Scientists from Brigham and Women’s Hospital found that the hormone aldosterone is a common and unrecognized contributor to high blood pressure.
The research is published in the Annals of Internal Medicine and was conducted by Jenifer M. Brown et al.
High blood pressure affects more than 1.5 billion people worldwide and is arguably the leading preventable cause of heart disease and stroke.
Primary aldosteronism is a condition where the adrenal glands produce too much of the hormone aldosterone, which causes high blood pressure and cardiovascular disease.
Primary aldosteronism has traditionally been considered to be an uncommon cause of hypertension, however, the findings of this study show that it is much more common than previously recognized.
In the study, researchers examined patients with normal blood pressure, stage 1 high blood pressure, stage 2 high blood pressure, and resistant high blood pressure to determine the prevalence of excess aldosterone production and primary aldosteronism.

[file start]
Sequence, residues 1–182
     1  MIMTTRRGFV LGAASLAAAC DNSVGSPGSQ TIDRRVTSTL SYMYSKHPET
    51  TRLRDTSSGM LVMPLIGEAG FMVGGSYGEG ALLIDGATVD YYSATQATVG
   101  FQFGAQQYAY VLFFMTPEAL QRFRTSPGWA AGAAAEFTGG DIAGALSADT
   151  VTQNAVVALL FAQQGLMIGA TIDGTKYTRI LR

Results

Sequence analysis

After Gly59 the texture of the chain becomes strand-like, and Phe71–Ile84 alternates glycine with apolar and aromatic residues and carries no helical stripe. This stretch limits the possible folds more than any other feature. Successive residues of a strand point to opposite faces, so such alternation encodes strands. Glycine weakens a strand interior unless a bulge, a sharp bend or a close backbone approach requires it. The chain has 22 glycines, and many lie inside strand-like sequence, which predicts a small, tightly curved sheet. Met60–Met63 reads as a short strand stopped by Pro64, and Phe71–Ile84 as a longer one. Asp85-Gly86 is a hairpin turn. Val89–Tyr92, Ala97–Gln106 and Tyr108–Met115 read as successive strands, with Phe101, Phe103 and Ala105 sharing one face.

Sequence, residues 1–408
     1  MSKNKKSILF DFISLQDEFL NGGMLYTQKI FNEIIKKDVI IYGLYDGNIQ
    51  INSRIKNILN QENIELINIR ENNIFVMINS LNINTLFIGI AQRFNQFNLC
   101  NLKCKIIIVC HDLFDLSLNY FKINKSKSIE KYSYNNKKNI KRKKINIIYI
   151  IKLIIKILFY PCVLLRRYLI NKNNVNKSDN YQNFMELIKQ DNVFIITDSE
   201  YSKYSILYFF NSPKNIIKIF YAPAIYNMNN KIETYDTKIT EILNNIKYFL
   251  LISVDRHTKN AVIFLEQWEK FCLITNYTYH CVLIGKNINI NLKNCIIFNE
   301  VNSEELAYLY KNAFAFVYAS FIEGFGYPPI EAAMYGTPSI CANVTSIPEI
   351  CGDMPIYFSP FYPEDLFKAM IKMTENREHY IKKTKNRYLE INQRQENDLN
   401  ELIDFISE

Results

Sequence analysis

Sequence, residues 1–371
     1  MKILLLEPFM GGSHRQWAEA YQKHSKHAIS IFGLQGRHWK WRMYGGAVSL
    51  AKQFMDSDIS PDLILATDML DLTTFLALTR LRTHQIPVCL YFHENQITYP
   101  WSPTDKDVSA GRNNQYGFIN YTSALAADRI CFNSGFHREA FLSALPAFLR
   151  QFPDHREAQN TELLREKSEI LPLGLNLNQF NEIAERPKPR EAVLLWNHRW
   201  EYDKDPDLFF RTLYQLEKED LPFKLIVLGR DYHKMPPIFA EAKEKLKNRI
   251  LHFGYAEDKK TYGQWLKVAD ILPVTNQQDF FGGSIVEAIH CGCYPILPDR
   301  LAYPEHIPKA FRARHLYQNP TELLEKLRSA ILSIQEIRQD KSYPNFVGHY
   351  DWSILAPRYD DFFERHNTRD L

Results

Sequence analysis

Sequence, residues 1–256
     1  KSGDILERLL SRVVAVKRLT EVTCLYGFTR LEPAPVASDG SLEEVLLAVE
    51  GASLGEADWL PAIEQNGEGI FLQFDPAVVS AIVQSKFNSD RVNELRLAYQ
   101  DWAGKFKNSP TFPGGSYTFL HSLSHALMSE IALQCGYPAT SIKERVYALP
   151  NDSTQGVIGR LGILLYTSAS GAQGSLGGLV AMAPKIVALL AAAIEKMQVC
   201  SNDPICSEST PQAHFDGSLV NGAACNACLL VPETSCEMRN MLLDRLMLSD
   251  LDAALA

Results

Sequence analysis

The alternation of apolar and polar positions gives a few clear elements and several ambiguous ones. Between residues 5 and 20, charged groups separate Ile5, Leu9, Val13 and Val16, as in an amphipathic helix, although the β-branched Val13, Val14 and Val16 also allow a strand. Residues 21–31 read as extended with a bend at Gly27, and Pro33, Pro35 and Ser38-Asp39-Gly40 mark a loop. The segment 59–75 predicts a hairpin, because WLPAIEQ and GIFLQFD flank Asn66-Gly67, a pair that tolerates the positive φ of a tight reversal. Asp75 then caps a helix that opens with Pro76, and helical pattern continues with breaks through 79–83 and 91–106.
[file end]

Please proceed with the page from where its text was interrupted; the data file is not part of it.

They found that there was a continuum of excess aldosterone production that paralleled the severity of blood pressure.
Importantly, most of this excess aldosterone production would have not been recognized by currently recommended diagnostic approaches.
According to the team, this finding supports the need to redefine primary aldosteronism from a rare disease to, instead, a common syndrome that manifests across a broad severity spectrum and may be a primary cause of high blood pressure.
Since generic medications that block the deleterious effects of aldosterone already exist and are easily available, these findings suggest that using these drugs more frequently to treat hypertension may be an effective way to lower the risk of cardiovascular disease.
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